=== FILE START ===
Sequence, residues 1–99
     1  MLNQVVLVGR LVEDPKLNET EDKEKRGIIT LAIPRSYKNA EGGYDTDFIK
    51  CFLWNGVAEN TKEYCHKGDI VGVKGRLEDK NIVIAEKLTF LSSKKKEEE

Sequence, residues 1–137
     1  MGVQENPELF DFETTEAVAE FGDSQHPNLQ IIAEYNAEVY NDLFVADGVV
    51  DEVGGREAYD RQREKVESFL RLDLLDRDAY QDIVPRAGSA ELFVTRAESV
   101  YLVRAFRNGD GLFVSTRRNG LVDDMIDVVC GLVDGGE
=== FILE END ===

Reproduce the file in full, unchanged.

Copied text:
Sequence, residues 1–99
     1  MLNQVVLVGR LVEDPKLNET EDKEKRGIIT LAIPRSYKNA EGGYDTDFIK
    51  CFLWNGVAEN TKEYCHKGDI VGVKGRLEDK NIVIAEKLTF LSSKKKEEE

Sequence, residues 1–137
     1  MGVQENPELF DFETTEAVAE FGDSQHPNLQ IIAEYNAEVY NDLFVADGVV
    51  DEVGGREAYD RQREKVESFL RLDLLDRDAY QDIVPRAGSA ELFVTRAESV
   101  YLVRAFRNGD GLFVSTRRNG LVDDMIDVVC GLVDGGE